Definitions

from Wiktionary, Creative Commons Attribution/Share-Alike License

  • adj. Chapped; cracked with cold; affected with chilblains.

from the GNU version of the Collaborative International Dictionary of English

  • adj. Chapped; cracked with cold; affected with chilblains.

from The Century Dictionary and Cyclopedia

  • Chapped; cracked with cold; affected with chilblains: as, kibed heels.

Etymologies

Sorry, no etymologies found.

Examples

  • Why at night both my gentlemen had kibed heels, a tetter in the chin, a churchyard cough in the lungs, a catarrh in the throat, a swingeing boil at the rump, and the devil of one musty crust of a brown george the poor dogs had to scour their grinders with.

    Five books of the lives, heroic deeds and sayings of Gargantua and his son Pantagruel

  • "The powder of them is fitly applied to merigals, kibed heels, and such like; the dust or powder thereof is very dangerous for the eyes, for it bath been observed that divers have been poreblind even after when some small quantity thereof hath been blown into their eyes."

    Herbal Simples Approved for Modern Uses of Cure

  • Perhaps at times the Old Guard had felt thus, with a sick and cold depression, kibed spirits as well as heels, empty of enthusiasm as of food, resolution lost somewhere in the darkness, sonority gone even from "_l'empereur_" and "_la France_."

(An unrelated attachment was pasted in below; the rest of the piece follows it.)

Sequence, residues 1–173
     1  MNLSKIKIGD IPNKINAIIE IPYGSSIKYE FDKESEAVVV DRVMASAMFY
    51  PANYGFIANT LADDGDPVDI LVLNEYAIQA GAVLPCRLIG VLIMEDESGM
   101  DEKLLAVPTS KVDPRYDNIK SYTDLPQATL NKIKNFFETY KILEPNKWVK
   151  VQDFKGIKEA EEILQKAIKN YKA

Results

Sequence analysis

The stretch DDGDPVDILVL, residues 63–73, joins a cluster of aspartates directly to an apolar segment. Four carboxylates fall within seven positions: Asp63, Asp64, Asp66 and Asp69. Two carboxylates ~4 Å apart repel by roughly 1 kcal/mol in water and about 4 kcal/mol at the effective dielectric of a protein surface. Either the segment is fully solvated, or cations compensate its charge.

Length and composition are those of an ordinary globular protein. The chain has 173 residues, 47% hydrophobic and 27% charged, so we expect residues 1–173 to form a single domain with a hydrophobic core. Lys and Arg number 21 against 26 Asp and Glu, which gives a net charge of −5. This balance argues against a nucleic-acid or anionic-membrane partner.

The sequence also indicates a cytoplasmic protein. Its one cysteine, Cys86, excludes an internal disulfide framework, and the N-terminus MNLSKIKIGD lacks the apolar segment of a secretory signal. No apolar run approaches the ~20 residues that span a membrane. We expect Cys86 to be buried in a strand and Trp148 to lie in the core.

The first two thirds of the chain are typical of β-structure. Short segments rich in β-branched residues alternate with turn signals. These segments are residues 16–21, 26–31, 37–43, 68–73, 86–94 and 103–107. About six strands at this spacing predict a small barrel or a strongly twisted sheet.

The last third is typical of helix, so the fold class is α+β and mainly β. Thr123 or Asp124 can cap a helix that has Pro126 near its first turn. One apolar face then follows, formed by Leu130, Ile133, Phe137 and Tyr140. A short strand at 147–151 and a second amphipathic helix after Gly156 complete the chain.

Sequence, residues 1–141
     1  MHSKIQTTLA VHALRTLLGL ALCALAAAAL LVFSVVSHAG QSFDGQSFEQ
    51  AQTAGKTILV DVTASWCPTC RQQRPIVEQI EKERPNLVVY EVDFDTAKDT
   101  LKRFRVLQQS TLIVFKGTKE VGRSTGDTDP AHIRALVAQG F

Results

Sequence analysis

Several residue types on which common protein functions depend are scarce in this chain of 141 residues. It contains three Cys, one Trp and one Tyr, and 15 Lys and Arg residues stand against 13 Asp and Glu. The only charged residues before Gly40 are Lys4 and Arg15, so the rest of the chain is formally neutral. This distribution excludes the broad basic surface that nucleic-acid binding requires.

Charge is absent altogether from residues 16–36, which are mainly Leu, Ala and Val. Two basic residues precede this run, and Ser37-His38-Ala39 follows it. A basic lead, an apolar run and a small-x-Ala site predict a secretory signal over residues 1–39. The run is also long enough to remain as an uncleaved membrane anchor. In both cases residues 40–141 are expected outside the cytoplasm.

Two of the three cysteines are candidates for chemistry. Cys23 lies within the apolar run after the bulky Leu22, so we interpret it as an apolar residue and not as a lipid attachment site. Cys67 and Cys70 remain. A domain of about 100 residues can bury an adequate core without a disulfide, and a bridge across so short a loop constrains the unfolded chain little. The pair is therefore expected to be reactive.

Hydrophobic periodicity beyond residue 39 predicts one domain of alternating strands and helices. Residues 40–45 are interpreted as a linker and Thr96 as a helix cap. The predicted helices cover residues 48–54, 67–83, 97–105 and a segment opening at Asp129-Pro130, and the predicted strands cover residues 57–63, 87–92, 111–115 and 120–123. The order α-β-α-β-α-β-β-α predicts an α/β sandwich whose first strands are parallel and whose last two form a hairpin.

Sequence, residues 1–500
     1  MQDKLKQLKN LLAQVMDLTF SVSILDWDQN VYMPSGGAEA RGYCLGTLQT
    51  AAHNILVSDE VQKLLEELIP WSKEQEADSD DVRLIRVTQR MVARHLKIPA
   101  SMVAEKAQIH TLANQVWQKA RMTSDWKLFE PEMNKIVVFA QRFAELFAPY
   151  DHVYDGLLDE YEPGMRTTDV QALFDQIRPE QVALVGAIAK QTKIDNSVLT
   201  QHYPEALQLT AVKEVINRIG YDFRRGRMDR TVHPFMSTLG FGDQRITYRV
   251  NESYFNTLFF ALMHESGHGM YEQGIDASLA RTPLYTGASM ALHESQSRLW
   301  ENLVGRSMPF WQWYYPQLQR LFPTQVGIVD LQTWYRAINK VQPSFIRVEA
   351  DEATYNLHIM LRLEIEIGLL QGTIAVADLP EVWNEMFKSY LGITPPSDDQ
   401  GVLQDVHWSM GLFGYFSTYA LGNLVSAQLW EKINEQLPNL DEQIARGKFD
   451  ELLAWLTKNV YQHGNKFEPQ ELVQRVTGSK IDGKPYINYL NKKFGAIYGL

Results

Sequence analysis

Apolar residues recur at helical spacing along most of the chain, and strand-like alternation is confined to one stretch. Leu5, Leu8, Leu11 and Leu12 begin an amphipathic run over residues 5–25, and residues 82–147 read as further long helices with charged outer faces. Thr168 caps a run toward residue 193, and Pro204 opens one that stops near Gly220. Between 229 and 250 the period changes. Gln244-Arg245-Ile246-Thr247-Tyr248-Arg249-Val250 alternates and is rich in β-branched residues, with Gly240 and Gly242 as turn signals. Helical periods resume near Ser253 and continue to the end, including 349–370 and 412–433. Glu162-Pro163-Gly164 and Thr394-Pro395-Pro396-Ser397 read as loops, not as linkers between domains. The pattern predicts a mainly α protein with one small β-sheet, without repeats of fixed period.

The Long Roll

  • I never heard any one complain of corns, or kibed-heels, severe as the weather is in winter.

    John B. Wyeth's Oregon, or a Short History of a Long Journey

  • Where these pains exist, the motions of the affected part are lessened; and if inflammation succeeds, it is in some distant parts; as coughs are caused by coldness and moisture being long applied to the feet; or it is in consequence of the renewal of the stimulus, as of heat or food, which excites our organs into stronger action after their temporary quiescence; as kibed heels after walking in snow.

    Zoonomia, Vol. I Or, the Laws of Organic Life

  • In such proofs, those they pretend to have acquired by the inspiration of some daemon, I am content to receive (for I meddle not with miracles); and also the proofs which are drawn from things that, upon some other account, often fall into use amongst us; as if in the wool, wherewith we are wont to clothe ourselves, there has accidentally some occult desiccative property been found out of curing kibed heels, or as if in the radish we eat for food there has been found out some aperitive operation.

    The Essays of Montaigne — Complete

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